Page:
The NYU ATLAS group hosts a 3 AM viewing party of the joint ATLAS+CMS Higgs seminar, attended by several dozen members of the NYU physics community. CMS went first, and so when they presented their ~5\(\sigma\) result, we popped the champagne corks.
Observation of a new Higgs-like particle at a mass of ~126 GeV
On July 4, 2012, CERN held a joint ATLAS+CMS seminar where each experiment presented results indicating the observation of a new particle consistent with the Standard Model Higgs boson with a measured mass of ~125-127 GeV.
The excess of Higgs-like events was observed in several possible decay channels, each of which required a separate analysis, and the NYU ATLAS group was (and is) heavily involved in two of these analyses: Higgs-to-four-leptons and Higgs-to-two-photons.
Additionally, all of the separate analyses needed to be combined for the final ATLAS result, published in Physics Letters B.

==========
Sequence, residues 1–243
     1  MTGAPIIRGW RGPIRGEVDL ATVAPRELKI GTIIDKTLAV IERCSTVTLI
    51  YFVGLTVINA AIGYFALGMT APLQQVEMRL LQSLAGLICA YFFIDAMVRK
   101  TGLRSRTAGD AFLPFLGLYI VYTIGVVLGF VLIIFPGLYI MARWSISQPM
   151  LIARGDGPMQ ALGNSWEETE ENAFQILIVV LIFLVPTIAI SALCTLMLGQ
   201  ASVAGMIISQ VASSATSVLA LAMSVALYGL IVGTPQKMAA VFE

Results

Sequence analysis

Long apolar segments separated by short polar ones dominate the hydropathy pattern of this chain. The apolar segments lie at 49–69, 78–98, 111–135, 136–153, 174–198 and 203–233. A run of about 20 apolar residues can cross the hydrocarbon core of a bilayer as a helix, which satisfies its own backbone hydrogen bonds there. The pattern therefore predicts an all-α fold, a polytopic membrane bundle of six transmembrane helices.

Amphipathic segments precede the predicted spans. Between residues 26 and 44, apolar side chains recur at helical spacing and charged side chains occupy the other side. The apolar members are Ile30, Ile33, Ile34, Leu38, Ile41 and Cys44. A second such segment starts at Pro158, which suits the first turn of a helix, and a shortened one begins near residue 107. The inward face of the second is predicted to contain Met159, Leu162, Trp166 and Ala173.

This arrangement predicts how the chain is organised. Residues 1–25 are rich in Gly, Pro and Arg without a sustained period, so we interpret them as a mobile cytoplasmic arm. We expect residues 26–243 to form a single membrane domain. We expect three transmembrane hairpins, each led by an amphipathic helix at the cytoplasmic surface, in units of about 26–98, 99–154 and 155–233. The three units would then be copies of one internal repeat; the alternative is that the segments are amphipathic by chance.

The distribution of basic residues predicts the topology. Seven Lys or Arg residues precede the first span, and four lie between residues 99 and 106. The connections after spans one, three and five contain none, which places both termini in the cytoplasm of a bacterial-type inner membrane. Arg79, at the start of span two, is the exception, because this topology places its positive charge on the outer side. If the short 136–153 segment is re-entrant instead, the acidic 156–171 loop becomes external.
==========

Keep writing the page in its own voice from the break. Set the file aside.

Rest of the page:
In the ATLAS Collaboration, this Higgs combination task fell to a small group of experts, one of whom was our own Kyle Cranmer, Editor of the combination paper.
This is a major milestone not just in particle physics but in the history of science, and the NYU group is proud to have played a part in the discovery.
The observation of a new boson is just the first step, however. Further analyses are underway to examine the properties of this particle to determine whether it is indeed the Standard Model Higgs or something different (and there are intriguing hints that this is the case).